March 16, 2011
The White House today proposed sweeping revisions to U.S. copyright law, including making “illegal streaming” of audio or video a federal felony and allowing FBI agents to wiretap suspected infringers.
In a 20-page white paper (PDF), the Obama administration called on the U.S. Congress to fix “deficiencies that could hinder enforcement” of intellectual property laws.
The report was prepared by Victoria Espinel, the first Intellectual Property Enforcement Coordinator who received Senate confirmation in December 2009, and represents a broad tightening of many forms of intellectual property law including ones that deal with counterfeit pharmaceuticals and overseas royalties for copyright holders. (See CNET’s report last month previewing today’s white paper.)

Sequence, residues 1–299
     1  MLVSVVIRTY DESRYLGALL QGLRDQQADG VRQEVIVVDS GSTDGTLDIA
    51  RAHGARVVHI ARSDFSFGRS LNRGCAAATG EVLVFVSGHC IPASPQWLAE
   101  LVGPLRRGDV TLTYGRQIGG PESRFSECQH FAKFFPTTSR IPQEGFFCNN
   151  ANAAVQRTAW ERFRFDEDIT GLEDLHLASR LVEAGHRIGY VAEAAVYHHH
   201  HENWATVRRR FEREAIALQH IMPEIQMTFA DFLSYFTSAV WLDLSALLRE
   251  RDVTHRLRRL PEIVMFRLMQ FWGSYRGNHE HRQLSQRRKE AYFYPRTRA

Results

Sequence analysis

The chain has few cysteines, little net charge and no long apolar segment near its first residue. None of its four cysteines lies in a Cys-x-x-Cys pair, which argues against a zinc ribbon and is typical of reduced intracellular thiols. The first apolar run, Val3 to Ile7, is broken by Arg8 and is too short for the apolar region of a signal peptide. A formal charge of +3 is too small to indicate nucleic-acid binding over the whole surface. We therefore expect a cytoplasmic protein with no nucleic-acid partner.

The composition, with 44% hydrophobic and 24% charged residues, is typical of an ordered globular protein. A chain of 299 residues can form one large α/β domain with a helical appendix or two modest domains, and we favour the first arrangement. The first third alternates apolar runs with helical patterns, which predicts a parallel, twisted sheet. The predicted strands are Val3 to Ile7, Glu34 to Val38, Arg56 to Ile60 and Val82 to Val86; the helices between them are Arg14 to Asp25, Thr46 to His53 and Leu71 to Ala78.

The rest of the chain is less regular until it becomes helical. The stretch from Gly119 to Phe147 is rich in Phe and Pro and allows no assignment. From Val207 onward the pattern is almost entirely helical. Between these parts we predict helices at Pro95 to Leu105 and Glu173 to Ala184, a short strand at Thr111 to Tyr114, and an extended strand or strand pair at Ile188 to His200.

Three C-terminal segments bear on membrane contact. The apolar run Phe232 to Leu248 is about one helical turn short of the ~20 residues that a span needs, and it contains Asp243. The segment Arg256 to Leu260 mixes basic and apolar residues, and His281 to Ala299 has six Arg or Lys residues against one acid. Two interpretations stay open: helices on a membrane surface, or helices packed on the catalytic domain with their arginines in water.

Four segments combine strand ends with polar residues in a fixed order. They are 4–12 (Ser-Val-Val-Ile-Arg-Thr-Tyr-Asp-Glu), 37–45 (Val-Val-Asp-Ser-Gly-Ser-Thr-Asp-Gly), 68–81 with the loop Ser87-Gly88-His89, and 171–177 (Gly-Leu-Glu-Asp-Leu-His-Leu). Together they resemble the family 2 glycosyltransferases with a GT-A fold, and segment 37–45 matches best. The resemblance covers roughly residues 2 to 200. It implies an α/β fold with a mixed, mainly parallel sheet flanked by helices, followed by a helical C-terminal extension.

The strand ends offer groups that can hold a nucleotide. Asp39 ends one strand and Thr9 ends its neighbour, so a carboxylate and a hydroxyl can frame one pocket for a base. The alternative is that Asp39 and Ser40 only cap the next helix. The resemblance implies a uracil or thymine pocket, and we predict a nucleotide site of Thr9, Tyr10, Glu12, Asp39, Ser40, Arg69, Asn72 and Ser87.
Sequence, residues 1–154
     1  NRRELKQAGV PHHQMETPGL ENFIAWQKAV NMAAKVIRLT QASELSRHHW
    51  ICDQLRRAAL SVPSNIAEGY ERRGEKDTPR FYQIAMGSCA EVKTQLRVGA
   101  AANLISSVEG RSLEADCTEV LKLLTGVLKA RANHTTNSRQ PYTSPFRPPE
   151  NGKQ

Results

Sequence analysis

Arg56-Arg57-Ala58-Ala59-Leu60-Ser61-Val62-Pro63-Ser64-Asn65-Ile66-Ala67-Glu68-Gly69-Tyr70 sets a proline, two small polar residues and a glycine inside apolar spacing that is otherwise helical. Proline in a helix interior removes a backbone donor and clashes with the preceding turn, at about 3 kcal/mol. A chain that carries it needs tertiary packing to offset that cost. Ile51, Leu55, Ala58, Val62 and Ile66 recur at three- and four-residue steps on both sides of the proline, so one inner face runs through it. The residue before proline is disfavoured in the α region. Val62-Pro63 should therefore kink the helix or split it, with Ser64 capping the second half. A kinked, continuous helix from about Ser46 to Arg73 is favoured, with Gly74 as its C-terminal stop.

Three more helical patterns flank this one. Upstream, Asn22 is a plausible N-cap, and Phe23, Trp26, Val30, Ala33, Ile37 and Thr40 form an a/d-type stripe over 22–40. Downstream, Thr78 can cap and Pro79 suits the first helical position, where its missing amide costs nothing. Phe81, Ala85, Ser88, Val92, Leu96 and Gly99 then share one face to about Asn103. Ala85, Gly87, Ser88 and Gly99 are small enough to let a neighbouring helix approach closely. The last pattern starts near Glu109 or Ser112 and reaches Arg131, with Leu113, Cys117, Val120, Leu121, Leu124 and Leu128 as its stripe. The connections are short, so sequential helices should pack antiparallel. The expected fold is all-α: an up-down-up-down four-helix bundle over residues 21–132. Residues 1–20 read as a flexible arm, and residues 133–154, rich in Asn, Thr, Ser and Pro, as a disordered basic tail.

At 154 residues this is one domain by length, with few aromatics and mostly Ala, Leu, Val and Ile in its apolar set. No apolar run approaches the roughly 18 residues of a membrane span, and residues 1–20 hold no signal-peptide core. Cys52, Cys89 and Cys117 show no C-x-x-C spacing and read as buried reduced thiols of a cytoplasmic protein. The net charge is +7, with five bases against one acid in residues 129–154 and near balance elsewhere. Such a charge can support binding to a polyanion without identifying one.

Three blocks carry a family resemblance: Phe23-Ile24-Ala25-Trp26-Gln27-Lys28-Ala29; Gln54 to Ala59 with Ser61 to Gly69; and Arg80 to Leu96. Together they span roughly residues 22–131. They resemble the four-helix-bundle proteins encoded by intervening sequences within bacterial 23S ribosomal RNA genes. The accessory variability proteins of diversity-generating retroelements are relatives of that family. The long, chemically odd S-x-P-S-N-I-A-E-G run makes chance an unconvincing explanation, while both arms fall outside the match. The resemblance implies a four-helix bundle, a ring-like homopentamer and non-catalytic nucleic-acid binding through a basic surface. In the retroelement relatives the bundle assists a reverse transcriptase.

Some of the highlights:
â€˘ The White House is concerned that “illegal streaming of content” may not be covered by criminal law, saying “questions have arisen about whether streaming constitutes the distribution of copyrighted works.” To resolve that ambiguity, it wants a new law to “clarify that infringement by streaming, or by means of other similar new technology, is a felony in appropriate circumstances.”
This article was posted: Wednesday, March 16, 2011 at 9:56 am